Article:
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Noaina Hassan Khan---Tanzeel Ahmed--- Reema Khan

Nadia Ali --- Atia Khursheed


 Autoclaved aerated concrete (“AAC”), is one of the many
building products being touted as “green” or
“environmentally friendly.”
 Developed in Sweden in the 1920s in response to
increasing demands on timber supplies, AAC is a
lightweight manufactured building stone.
 . Comprised of all natural raw materials, AAC is used in a
wide range of commercial, industrial, and residential
applications.
 AAC now accounts for over 40% of all construction in the
United Kingdom and more than 60% of construction in
Germany.
 AAC is a precast product manufactured by combining silica (either in
the form of sand, or recycled fly ash), cement, lime, water, and an
expansion agent - aluminium powder, and pouring it into a mould.
 In structurally reinforced AAC products like lintels or roof panels,
steel rebar or mesh is also placed in the mould.
 Once added to the concrete, the aluminium powder reacts with the
silica, resulting in the formation of millions of microscopic hydrogen
bubbles. The hydrogen bubbles cause the concrete to expand to
roughly five times its original volume.
 The hydrogen subsequently evaporates, leaving a highly closed-cell
aerated concrete, then cut into which are further steam and
pressure cured in an autoclave.
 AAC products consist of load bearing, non-load
bearing and cladding applications.
 Complete load bearing applications, however, are
limited to low-rise construction.
 Cladding and large panels are available to take
advantage of AAC’s insulative, fire proofing, and
other benefits on mid- and high-rise projects.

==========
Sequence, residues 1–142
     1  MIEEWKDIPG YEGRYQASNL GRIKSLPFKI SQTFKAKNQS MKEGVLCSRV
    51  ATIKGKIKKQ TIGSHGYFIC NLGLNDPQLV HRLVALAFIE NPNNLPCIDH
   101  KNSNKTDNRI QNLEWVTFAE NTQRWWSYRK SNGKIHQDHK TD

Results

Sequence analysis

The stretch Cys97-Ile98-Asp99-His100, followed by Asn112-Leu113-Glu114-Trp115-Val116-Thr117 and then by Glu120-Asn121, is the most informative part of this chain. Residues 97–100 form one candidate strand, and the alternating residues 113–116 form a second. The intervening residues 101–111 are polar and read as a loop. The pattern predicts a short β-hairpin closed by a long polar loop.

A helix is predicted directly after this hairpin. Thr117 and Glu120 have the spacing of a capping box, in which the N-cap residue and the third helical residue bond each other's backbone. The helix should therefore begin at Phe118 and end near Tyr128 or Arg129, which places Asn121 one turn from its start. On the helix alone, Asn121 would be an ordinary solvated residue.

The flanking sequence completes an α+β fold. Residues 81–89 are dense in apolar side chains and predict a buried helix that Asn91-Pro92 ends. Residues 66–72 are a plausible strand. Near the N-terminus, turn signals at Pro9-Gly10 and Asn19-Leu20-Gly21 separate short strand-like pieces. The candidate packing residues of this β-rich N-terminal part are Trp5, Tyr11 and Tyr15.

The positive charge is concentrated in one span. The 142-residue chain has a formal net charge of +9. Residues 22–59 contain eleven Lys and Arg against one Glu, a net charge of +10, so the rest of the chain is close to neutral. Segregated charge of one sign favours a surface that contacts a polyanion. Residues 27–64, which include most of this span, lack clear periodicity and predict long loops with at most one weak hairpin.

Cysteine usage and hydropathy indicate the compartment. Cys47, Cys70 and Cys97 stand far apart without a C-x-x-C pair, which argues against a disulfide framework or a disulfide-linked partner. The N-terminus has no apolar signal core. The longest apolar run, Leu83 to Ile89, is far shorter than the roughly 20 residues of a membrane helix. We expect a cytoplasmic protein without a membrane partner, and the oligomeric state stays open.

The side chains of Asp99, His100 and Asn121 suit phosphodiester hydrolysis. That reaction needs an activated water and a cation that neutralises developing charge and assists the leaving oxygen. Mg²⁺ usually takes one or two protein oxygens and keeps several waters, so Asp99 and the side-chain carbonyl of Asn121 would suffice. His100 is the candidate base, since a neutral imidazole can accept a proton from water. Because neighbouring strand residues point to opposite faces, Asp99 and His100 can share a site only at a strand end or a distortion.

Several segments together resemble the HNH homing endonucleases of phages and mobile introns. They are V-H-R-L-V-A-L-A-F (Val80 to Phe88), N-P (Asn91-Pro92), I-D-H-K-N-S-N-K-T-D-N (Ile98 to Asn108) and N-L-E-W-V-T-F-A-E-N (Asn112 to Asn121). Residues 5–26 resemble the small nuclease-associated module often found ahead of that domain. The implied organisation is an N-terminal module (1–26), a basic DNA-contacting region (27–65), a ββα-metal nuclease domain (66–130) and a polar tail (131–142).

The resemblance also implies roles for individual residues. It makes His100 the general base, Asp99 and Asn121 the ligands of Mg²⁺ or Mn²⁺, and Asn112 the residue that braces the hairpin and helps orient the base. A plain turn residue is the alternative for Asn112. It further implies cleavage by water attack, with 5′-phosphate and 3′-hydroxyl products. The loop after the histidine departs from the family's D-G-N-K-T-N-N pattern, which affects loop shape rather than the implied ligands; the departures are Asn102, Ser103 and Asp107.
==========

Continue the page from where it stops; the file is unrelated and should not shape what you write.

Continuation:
 The large wall, floor, and roof panels, measuring up
to 20 feet long, 2 feet wide, and in various
thicknesses, are also used in load-bearing capacities
and are common in commercial and industrial
applications.
 The remainder of the AAC system consists of blocks,
also called “units” which are stacked using thin-set
mortar, as opposed to the traditional cement-based
mortar.
The blocks are available in a variety of sizes and types.
 STANDARD BLOCKS - typically measuring 24 inches long, 8 inches
high, and in thicknesses between 6 (non-load-bearing) and 12
inches
 CORED BLOCKS – also known as O-blocks, which are used
adjacent to corners and openings and have a centred, 4 inch
vertical core at one end of the block to form a continuous
vertical core through the wall that is then filled with rebar
and concrete.
 JUMBO BLOCKS - which reduce construction time.
 U-BLOCKS- which have a channel running the length of
the block that once filled with concrete, provides
structural support as headers and on the top course of
each floor (the “bond beam”). AAC lintels with
integrated structural support are also manufactured
and are an alternative to using the U-block system for
headers.
AAC reduces additional material use and minimizes waste and pollution.
 AAC is approximately 80% air, the finished product is up to 5 times the volume of the
raw material consumed in its production.
 AAC production raw materials are generally locally sourced and may consist of
recycled materials.
 AAC consumes approximately 50%-20% less energy than that needed to produce
CMUs.
 The manufacturing process, produces no waste or pollution and the final product is
completely recyclable.
 Due to its light weight and dimensional accuracy, AAC can be
assembled with minimal waste and a reduced need for additional
equipment.
 The product is virtually maintenance free, eliminating the need for
repair materials, pesticides, and chemical treatments, while also
lowering operating costs
AAC Has High Thermal Efficiency
 AAC structures result in solid wall construction with integrated
insulation, preventing thermal bridging, creating an airtight
building envelope, minimizing uncontrolled air changes.
 AAC benefits from low thermal conductivity value.

AAC Reduces Noise Pollution and Improves


Indoor Air Quality
 Its millions of independent air cells dampen sound
transmission.
 Because AAC construction has very low air
infiltration and is mold resistant, indoor air quality
of AAC structures is improved.
AAC Structures Are Well-Suited to Withstand Fires, Earthquakes, and
Other Natural Disasters
 It receives a 4 hr. UL fire rating and has a melting point of over 2900° F.
 AAC is also termite and mold resistant, and nearly fireproof.

AAC Structures Are Price Competitive


 AAC buildings constructed near a supplier’s manufacturing
facilities cost approx. the same as traditional materials.
 AAC’s light weight helps lower shipping costs.
 The higher initial cost must be balanced against savings due to